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Characterization of potato virus Y (PVY) isolates infecting solanaceous vegetables in KwaZulu-Natal (KZN), Republic of South Africa (RSA)

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Potato virus Y (PVY) is an economically important virus worldwide. In South Africa, PVY has been shown to be a major limiting factor in the production of important solanaceous crops, including potato (Solanum tuberosum L.), pepper (Capsicum annuum L.), tomato (Lycopersicon esculentum Mill.) and tobacco (Nicotiana spp). The variability that PVY displays, wherever the virus occurs, merits the study of the isolates occurring in KwaZulu-Natal (KZN) in the Republic of South Africa (RSA). This characterization will provide a clear understanding of strains/isolates from local vegetables and how they relate to the other PVY strains already identified, as well as information that can be used to manage the diseases they cause. Hence, the aim of this project was to study the biological and genetic properties of PVY isolates infecting potato, tomato and pepper in KZN. Enzyme-linked immunosorbent assay (ELISA) using monoclonal antibodies and reverse transcription polymerase chain reaction (RT-PCR) using primers specific to all PVY strains were used to detect the virus in plant material showing PVY-like symptoms collected from various locations in KZN. A total of 39 isolates (18 isolates infecting tomato, 12 infecting potato and 9 infecting pepper) were further differentiated into strains by means of ELISA using strain specific antibodies and RT-PCR using primers specific to the different strains of PVY identified around the world. All PVY isolates infecting tomato and pepper tested positive for the ordinary PVYO strain with both ELISA and RT-PCR. PVY isolates infecting potato were more diverse and comprised the PVYN, PVYNTN and PVYNWilga strains, with mixed infections noted in some cases. The biological properties were studied by mechanically inoculating Chenopodium quinoa, Nicotiana tabacum cv Xanthi, N. tabacum cv Samsun, N. glutinosa, and N. rustica with leaf extracts from plants infected with the different PVY strains detected in this study. All inoculated C. quinoa plants did not show symptoms. All tobacco plants showing symptoms were tested for the presence of PVY by means of ELISA using monoclonal antibodies targeting all strains and electron microscopy using the leaf dip technique. Not all the inoculated tobacco tested positive with ELISA. The symptoms observed were therefore divided into PVY-related and PVY non- related. PVY-related symptoms included vein clearing, mosaic chlorosis, stunting, and vein necrosis. PVY non-related symptoms included wrinkles and leaf distortions. Potyvirus-like particles of about 700 nm were observed under the transmission electron microscope (TEM) from plants showing PVY-related symptoms while rod shaped viral particles of sizes varying between 70 and 400 nm were observed from plants showing non-PVY related symptoms. A portion of the virus genome (1067 bp) covering part of the coat protein gene and the 3’ non-translated region (NTR) of three PVYO isolates infecting tomato, one PVYO isolate infecting pepper and one PVYNWilga isolate infecting potato were amplified, cloned and sequenced. The 5’ NTR, P1, HC-Pro and part of P3 regions (2559 bp) of a PVYN isolate infecting potato were also amplified, cloned and sequenced. Sequence data was compared with selected PVY sequences from different geographical locations around the world. These were available on the NCBI website and subsequently used for phylogenic analyses. The sequenced genomic regions of the PVYN isolate were found to be 99% similar to the New Zealand PVYN isolate (GenBank accession number: AM268435), the Swiss PVYN isolate CH605 (X97895) and the American PVYN isolate Mont (AY884983). Moreover, the deduced amino acid sequence comparison of the genomic regions of the PVYN isolate revealed the presence of five distinct amino acids residues. The three amino acid residues (D205, K400, and E419), which determine the vein necrosis phenotype in tobacco, were also identified. The coat protein and 3’ NTR sequences of all KZN PVYO isolates infecting pepper and tomato were closely similar to each other than to KZN PVYNWilga isolate infecting potato. The phylogenic analysis clustered the KZN PVYN isolate with the European sublineage N, PVYNWilga isolate infecting potato with the American PVYO isolate Oz (EF026074) in the O lineage and all PVYO isolates infecting tomato and pepper in a new sublineage within the O lineage. Taken together, these results point to the presence of PVY in solanaceous vegetables cultivated in KZN and they lay the foundation for the formulation of effective control measure against PVY diseases in KZN.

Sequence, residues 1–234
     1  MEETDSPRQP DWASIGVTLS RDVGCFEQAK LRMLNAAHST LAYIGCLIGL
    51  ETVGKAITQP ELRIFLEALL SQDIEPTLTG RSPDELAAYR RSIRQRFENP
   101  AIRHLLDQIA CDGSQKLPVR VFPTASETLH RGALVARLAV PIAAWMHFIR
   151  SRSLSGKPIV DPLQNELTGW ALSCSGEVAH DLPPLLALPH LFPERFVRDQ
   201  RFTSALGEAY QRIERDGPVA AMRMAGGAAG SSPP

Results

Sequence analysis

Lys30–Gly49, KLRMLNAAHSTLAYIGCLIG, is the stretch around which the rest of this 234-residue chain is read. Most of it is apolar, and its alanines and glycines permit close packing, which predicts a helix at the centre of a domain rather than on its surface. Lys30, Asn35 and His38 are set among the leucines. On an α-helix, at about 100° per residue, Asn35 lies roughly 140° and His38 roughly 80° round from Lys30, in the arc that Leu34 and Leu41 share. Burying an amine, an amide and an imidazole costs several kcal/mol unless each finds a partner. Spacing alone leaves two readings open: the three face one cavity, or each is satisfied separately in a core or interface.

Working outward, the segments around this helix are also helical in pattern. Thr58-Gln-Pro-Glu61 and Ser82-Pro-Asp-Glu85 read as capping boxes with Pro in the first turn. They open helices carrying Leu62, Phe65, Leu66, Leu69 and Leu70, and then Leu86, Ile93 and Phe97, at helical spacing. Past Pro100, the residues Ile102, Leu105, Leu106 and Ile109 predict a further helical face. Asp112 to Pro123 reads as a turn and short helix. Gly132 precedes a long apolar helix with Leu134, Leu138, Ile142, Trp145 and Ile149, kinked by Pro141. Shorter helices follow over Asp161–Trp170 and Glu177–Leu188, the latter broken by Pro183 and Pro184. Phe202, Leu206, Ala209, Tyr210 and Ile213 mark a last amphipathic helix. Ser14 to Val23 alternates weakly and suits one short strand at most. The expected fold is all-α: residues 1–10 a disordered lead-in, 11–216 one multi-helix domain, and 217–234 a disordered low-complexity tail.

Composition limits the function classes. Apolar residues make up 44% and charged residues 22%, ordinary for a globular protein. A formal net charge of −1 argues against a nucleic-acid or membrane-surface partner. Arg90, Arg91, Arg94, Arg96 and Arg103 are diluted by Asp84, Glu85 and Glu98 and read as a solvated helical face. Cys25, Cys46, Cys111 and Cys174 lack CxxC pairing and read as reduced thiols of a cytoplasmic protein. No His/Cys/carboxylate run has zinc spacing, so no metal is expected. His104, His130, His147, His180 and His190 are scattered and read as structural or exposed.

Thesis (M.Sc.) - University of KwaZulu-Natal, Pietermaritzburg, 2009.


Potato virus Y--KwaZulu-Natal., Vegetables--Diseases and pests--KwaZulu-Natal., Vegetables--Diseases and pests--KwaZulu-Natal., Plant molecular virology., Plant viruses--Genetics., Plant viruses--Genetics., Virus diseases of plants--Diagnosis., Virus diseases of plants--Genetic aspects., Virus diseases of plants--Molecular diagnosis., Viruses--Isolation., Solanaceae--Diseases and pests., Theses--Plant pathology.